How do newspapers present the news? Compare the front page of two newspapers published on the same day.

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Ryan Osborn                04/05/2007

How do newspapers present the news?  Compare the front page of two newspapers published on the same day.

Firstly I am going to look at The Sun.  It was published on Thursday, 11th September 2003.  It has a big splash headline saying BACK ON 9/11. Without a sub heading and an image this headline doesn’t mean much, which makes the reader look down and start to read the article to find out what it’s about.  It takes up about half the page and leaves very little space for the rest of the story, which is why it is carried on later in the paper.

There are only two stories on the first page; the main story is about some video footage on Osama Bin Laden praising ‘brave terrorists’.  The other is about J-Lo and Ben Affleck’s wedding being called off.  There is a cross-reference for both of these stories so that the story can be carried on inside the newspaper.

There is one image per story.  The image of J-Lo and Ben Affleck shows them looking happy together before they broke up.  I think this image was chosen because it is a good picture for showing people how happy they were before they broke up.  The image for the Osama Bin Laden story shows him at his hideout ‘praising brave terrorists’.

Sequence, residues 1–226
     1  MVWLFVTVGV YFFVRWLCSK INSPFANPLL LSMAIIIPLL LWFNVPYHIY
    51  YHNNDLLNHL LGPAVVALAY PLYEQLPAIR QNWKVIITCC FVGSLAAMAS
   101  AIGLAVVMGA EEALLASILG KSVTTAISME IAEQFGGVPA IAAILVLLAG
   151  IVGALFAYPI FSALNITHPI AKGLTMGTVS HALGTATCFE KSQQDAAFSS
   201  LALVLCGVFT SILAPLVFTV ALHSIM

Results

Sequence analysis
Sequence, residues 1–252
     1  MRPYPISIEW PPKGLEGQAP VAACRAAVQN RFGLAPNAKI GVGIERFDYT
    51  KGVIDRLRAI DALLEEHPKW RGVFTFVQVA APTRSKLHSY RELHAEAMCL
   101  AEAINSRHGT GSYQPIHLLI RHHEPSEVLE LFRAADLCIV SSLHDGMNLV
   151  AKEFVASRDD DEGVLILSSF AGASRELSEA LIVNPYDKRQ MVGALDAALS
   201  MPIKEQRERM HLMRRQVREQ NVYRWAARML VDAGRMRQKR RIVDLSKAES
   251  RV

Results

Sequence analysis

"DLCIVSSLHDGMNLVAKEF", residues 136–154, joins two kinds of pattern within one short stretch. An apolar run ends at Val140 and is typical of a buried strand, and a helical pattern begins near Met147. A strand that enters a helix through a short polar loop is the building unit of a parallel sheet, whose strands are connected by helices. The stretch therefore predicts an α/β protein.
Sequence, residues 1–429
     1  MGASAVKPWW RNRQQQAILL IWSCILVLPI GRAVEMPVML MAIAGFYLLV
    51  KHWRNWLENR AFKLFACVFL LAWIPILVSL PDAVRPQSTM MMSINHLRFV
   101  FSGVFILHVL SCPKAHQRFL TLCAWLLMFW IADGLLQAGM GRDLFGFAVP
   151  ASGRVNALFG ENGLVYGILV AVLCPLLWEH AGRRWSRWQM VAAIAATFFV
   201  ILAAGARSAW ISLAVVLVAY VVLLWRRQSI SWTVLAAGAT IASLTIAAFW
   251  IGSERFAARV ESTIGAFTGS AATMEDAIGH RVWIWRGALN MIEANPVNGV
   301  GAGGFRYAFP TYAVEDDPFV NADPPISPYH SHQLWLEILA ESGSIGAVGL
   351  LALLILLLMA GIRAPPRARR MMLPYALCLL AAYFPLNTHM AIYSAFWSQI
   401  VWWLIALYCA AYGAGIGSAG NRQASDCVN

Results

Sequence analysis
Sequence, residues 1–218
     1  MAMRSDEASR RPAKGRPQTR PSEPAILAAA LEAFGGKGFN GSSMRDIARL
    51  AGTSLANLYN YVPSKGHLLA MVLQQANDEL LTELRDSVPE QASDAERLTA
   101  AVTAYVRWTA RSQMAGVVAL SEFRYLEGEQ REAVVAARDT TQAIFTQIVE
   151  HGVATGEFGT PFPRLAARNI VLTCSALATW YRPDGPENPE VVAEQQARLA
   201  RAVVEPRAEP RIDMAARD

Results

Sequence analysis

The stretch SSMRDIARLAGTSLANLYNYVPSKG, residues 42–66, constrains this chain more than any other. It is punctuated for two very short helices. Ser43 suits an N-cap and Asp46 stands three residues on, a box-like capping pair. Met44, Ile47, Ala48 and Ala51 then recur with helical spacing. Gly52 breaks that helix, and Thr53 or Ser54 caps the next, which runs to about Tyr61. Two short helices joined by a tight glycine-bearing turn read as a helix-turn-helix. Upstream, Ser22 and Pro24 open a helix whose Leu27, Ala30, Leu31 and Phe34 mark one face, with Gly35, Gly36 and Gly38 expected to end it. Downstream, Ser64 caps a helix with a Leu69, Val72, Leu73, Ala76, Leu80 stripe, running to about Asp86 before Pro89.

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I think that both of these images are effective because when people see them, they want to find out more, and read the story.  The picture of Osama Bin Laden, I think, is especially effective.  I think this is because everyone wants him to be caught, and when they see a picture of him, they read the story to see what has happened.

The caption on the picture of Osama Bin Laden really sums up the image.  Without the caption, the image doesn’t tell you very much, it just shows him in some unknown place, and you can’t ...

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